The malaise plaguing Indonesian soccer is partly over, but tough times still lie ahead. On April 4, FIFA formed the normalization committee to run the Indonesian Soccer Association’s (PSSI) daily activities and to administer its emergency congress scheduled for May 20 to elect a new chairman and board members.
The world soccer governing body appointed Agum Gumelar, a retired Army general and former PSSI chairman, as the committee leader in a move seen as a “death knell” for deposed PSSI chief Nurdin Halid and his executive board members. Youth and Sports Ministry on behalf of the Indonesian government, previously announced its vote of no-confidence against Nurdin’s leadership.
FIFA deemed Nurdin’s regime no longer legitimate because of three fundamental failures. His leadership failed to fully adopt the FIFA’s statute on the matter of the criminal record of PSSI chairman aspirants, though the indicated manipulation of the statute was not clearly stated. He was also regarded as unable to hold the PSSI congress in March this year. The last strike was his incompetence in dealing with the breakaway Indonesian Premier League (IPL).
FIFA made the right decision because there were no signs of immediate solutions to the deepening problems facing the PSSI chairmanship, which, in turn, put national soccer at stake. Efforts to help the two opposing camps settle their differences did not bear fruit as evidenced by the congress in Pekanbaru, which turned violent.
It is better to assess the emergency committee chaired by Agum as a prescription to help the PSSI recuperate and find new momentum to restore public faith and furthermore the country’s pride at an international level, as The Jakarta Post stated in its editorial “PSSI reform kick” on April 7, 2011.
Support from all parties must go to Agum, as he has pledged to reconcile factions within the national soccer community, between those in favor and those against Nurdin and between PSSI-sanctioned Indonesian Super League (ISL) and the breakaway IPL.
We do hope the normalization committee is able to uphold the spirit of fair play and allow public scrutiny in the selection of a new PSSI leader who must at least be familiar with the business as the government will ban professional clubs from receiving donations from regional budgets (APBD) starting in 2012.
Indonesian soccer is in dire need of not only entrepreneurial figures but also figures with the moral commitment and sense of responsibility to tackle, at least, two major agendas: promoting transparency in the way national soccer is managed and running competitions or leagues within the framework of developing national soccer.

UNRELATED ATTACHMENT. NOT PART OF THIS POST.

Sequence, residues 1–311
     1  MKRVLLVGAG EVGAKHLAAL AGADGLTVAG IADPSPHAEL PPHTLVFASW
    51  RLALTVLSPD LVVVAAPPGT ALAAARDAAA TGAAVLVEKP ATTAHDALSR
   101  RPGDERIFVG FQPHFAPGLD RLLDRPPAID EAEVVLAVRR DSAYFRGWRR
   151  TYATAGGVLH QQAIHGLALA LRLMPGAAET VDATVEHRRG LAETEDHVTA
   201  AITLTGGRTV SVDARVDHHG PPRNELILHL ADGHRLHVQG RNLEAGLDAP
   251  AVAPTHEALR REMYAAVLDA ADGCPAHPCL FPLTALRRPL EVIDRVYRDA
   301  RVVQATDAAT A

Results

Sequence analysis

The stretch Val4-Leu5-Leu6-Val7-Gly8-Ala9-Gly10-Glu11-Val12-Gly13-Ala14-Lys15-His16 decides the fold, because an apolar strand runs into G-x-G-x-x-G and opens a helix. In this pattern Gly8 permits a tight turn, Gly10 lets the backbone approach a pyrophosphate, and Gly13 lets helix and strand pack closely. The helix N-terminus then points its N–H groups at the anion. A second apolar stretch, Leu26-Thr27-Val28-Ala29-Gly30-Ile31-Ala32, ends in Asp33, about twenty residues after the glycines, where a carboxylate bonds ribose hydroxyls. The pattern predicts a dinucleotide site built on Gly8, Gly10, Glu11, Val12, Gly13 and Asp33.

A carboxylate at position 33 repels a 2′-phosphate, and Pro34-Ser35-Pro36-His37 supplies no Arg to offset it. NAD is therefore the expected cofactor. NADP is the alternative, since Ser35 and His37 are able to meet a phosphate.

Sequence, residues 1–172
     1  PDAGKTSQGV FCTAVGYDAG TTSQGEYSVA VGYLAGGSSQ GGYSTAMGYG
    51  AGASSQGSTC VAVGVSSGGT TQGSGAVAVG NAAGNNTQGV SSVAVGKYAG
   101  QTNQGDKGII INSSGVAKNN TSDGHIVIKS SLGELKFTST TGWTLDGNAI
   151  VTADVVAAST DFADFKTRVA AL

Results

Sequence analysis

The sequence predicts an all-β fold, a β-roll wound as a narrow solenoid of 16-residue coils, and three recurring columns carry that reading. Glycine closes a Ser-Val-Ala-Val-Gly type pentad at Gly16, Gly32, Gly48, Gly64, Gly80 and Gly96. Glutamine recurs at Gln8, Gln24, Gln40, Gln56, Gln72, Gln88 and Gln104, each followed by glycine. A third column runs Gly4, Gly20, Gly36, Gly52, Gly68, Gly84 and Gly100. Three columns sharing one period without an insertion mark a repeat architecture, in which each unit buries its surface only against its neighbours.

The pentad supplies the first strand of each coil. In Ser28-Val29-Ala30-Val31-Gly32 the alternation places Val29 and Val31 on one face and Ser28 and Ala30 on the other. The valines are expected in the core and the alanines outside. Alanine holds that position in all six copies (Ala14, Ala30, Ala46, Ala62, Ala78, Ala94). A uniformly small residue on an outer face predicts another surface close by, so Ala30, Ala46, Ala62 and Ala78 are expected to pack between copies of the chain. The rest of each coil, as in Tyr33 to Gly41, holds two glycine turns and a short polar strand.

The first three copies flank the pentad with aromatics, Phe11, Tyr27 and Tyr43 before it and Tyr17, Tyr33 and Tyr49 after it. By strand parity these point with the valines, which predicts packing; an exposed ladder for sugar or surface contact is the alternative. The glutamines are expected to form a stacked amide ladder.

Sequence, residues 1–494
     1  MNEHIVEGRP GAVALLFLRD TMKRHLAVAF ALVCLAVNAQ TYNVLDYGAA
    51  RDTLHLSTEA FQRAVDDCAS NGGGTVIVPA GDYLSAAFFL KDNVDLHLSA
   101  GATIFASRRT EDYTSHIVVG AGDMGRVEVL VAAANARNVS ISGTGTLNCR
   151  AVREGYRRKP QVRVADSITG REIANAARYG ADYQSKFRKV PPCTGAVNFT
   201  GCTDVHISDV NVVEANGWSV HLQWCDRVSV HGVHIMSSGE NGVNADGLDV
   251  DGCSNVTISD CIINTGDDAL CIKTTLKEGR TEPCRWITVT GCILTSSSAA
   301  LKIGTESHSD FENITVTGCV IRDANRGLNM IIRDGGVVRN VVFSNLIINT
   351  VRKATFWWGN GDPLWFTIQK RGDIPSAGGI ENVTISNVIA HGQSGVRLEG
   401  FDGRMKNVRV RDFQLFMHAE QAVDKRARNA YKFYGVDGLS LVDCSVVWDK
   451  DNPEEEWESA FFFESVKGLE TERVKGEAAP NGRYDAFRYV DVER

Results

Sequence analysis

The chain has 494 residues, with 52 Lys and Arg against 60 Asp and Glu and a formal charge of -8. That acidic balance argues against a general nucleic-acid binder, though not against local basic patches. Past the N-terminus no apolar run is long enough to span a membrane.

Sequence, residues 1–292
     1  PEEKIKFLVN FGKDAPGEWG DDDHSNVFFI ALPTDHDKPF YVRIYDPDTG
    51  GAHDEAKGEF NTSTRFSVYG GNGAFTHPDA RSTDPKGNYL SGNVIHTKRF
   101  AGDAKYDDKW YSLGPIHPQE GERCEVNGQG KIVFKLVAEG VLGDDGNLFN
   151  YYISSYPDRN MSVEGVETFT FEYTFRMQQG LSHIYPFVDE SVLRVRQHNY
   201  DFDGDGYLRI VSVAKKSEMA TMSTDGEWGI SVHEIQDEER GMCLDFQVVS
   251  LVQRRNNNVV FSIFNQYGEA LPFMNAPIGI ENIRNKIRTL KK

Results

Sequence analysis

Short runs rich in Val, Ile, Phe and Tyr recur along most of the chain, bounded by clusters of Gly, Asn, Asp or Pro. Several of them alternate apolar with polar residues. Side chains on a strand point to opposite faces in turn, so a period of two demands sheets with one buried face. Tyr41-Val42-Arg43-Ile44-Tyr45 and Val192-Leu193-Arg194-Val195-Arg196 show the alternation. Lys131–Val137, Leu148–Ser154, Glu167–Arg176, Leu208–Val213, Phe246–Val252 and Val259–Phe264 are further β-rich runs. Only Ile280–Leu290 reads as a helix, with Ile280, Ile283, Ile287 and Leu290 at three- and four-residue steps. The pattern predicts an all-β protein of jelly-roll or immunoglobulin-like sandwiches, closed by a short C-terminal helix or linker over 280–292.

Those interconnected agendas require comprehensive-integrated responses from the future PSSI chairman and board members for the sake of national interest and pride. Running clubs and rolling competitions or leagues without the backing of regional budgets are real challenges, not only for the next PSSI chairman but also for clubs. Their entrepreneurial skills are urgently needed, as history has taught.
Early in 1980s, the PSSI ran a professional league called the Galatama (Liga Sepak Bola Utama or the Primary Soccer League) featuring clubs funded by public, state and private companies and corporations, but it proved unsuccessful. Many of the clubs withdrew and dissolved for a number of reasons.
Only a handful survived and are still present in the current top-tier league, such as Pelita Jaya, Arema Indonesia and Semen Padang. The others chose only to live as memories due to unlucky factors ranging from rampant match-fixing practices to the inability to cope with the mounting operational costs and increasing players’ salaries.
On match days, the stadiums were frequently nearly empty. By contrast stadiums were fully-packed for matches between semi-professional clubs funded by regional budgets known as Divisi Utama Perserikatan, which was also administered by the PSSI.
In 1994, the PSSI dissolved Galatama, and the surviving clubs competed with the semi-professional clubs under a new league format called Ligina (Liga Indonesia or The Indonesian League). In 1998, Ligina stalled because of the political upheaval.
In the post-1998 era of regional autonomy, the influx of foreign players — at first mainly from Africa and South America, followed by European coaches and Asian, Australian and even Caribbean players — has brought stadiums back to life.
Acting either as the chairman, manager or patron of local clubs, regional heads view soccer as an effective vehicle to achieve short-term political interests.
But soccer was not a robust business at that point, as club bosses used club budgets as they pleased for political and personal interests and without accountability or public scrutiny. The money was mostly spent on hiring foreign players and coaches rather than on developing young, local talent for the sake of instant success. It comes as no surprise that Indonesia fails to perform well on an international level despite its entertaining league.
Simon Kuper and Stefan Szymanski — the world’s leading writers on soccer and sport economists who wrote Soccernomics — say Indonesian soccer may not be a business at all.
In order to bring changes, transparency in the PSSI and club management and on the soccer field is foremost, apart from entrepreneurship of those involved in the soccer business.
It’s the right time for the next PSSI chairman and his team, the clubs and the entire Indonesian soccer community to promote healthy competition. Building a strong national team is not an instant process but it does take time.
As a start, transparency in club management, well-structured training and well-organized leagues involving all potentials without having to rely on regional budgets must prevail.
* This piece of mine was published by The Jakarta Post on April 17, 2011